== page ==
• Permits certain payees to seek arbitration if negotiation is unsuccessful, and establishes criteria to be eligible for arbitration, and establishes procedures for the conduct of the arbitration. (Requires the Superintendent of Insurance to select an arbitration entity to conduct arbitrations under the bill using specified criteria). 
  • Requires a provider to disclose certain information to patients regarding the cost of out-of-network services that are not unanticipated out-of-network care or emergency services. 

The requirements found in House Bill 388 would be effective nine months following the bill’s effective date. Any payee or issuer in violation of these requirements would face disciplinary actions and/or penalties. The bill now continues the rule making path and will be debated and voted on by the Ohio Senate.

Please contact a BMD healthcare attorney if you have any questions regarding House Bill 388, any other reimbursement question, or other general healthcare questions.


Valley National Bank/Trulieve Loan: A Big Step Out of the Shadows

In a late December press release, Trulieve announced that it had secured a $71.5 million commercial bank loan. In addition to the amount of the loan, which may be the largest commercial bank loan to date to a cannabis company, the release prominently identified Valley Bank and featured both a quote from Valley’s Senior Vice President, John Myers, and a description of the Bank’s service platform and commitment to the cannabis industry.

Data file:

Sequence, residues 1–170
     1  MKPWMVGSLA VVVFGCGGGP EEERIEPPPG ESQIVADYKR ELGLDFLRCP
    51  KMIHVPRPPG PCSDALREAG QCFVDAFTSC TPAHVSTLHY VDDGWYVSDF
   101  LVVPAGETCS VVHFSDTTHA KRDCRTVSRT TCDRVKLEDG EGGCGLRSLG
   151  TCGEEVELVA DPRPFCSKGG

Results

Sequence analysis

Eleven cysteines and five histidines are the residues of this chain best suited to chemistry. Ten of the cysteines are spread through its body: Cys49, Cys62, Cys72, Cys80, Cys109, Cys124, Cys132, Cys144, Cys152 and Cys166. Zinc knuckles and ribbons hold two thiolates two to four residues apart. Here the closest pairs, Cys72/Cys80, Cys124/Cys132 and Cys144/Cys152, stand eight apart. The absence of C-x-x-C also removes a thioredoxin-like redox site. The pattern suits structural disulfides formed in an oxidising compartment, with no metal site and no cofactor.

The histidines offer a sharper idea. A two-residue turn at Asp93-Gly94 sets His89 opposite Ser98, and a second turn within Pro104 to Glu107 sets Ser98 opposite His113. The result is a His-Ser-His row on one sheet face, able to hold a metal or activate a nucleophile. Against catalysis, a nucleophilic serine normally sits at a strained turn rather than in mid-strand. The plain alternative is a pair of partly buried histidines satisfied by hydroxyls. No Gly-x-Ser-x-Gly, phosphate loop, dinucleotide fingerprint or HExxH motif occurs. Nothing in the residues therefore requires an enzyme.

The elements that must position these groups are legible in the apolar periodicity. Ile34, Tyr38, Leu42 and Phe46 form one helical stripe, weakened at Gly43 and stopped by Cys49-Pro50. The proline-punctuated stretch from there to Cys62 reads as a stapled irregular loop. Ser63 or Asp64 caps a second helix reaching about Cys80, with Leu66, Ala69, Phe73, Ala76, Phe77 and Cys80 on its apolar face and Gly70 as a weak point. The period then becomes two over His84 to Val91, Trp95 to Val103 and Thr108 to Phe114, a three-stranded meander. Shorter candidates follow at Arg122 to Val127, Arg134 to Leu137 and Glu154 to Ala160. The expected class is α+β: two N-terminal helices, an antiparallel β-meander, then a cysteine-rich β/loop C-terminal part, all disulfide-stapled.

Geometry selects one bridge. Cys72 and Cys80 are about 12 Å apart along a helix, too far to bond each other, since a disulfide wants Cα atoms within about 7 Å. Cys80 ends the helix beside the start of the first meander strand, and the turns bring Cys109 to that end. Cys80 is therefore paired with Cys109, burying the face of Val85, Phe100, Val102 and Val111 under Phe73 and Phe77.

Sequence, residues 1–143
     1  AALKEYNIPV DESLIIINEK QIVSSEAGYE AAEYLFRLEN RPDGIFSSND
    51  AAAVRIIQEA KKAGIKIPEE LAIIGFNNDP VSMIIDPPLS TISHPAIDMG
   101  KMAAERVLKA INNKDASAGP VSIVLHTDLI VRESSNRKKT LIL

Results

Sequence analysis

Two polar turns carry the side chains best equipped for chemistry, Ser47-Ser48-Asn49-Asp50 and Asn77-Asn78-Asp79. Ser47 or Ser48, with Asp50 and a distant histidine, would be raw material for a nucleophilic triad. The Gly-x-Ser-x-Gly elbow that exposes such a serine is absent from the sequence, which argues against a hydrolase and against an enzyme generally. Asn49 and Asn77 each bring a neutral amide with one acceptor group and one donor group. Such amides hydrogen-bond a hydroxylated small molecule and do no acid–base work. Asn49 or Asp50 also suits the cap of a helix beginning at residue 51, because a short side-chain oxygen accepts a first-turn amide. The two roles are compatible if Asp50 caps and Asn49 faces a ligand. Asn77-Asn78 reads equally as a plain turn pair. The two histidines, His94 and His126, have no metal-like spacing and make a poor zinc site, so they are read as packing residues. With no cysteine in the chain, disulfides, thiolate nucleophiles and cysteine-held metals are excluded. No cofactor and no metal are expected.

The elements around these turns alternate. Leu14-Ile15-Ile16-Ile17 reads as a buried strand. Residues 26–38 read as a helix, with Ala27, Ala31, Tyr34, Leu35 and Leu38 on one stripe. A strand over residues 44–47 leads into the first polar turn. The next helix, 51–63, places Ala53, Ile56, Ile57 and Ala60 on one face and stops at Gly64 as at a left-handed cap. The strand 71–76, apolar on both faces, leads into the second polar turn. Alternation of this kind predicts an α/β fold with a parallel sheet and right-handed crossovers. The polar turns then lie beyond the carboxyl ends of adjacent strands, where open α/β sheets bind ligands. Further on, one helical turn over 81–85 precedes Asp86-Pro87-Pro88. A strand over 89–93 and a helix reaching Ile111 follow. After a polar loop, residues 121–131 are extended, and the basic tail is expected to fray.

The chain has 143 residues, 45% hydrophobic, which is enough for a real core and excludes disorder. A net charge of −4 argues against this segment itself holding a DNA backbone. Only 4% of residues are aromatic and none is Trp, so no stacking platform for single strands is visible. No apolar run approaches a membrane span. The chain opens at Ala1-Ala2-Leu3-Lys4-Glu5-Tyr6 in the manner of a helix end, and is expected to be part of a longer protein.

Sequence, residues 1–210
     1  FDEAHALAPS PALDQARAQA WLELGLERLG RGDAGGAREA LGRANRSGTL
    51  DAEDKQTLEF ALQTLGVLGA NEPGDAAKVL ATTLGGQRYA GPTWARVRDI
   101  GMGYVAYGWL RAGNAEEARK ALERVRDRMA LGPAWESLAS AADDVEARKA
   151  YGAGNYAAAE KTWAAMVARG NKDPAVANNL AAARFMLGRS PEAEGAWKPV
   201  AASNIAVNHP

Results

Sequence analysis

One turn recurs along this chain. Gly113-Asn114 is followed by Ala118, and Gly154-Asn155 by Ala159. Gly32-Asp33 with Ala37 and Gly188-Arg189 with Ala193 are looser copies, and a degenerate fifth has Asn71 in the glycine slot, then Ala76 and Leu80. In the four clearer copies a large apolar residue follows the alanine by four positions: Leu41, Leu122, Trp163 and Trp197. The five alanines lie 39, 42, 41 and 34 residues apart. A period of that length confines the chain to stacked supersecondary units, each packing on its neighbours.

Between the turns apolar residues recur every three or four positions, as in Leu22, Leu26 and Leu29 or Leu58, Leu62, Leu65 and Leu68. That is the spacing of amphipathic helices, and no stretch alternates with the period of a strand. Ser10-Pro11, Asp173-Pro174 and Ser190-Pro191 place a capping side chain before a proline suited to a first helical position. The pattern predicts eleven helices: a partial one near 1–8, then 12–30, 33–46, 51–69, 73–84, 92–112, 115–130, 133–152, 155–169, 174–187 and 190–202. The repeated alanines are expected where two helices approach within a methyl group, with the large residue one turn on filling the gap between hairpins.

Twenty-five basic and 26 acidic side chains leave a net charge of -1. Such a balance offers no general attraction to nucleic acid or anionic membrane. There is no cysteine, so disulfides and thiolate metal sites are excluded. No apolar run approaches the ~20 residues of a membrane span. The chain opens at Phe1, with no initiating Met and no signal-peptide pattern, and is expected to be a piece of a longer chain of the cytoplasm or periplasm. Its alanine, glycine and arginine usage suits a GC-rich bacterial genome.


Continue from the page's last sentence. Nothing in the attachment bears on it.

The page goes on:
The End of Non-Competes? The Impact It Will Have on the Healthcare Industry

On January 5, 2023, the Federal Trade Commission (“FTC”) announced a proposed rule that, if enacted, will ban employers from entering into non-compete clauses with workers (the “Rule”), and the Rule would void existing non-compete agreements. In their Notice, the FTC stated that if the Rule were to go into effect, they estimate the overall earnings of employees in the United States could increase by $250 billion to $296 billion per year. The Rule would also require employers to rescind non-competes that they had already entered into with their workers. For purposes of the Rule, the FTC has defined “worker” to also include any employees, interns, volunteers, and contractors.”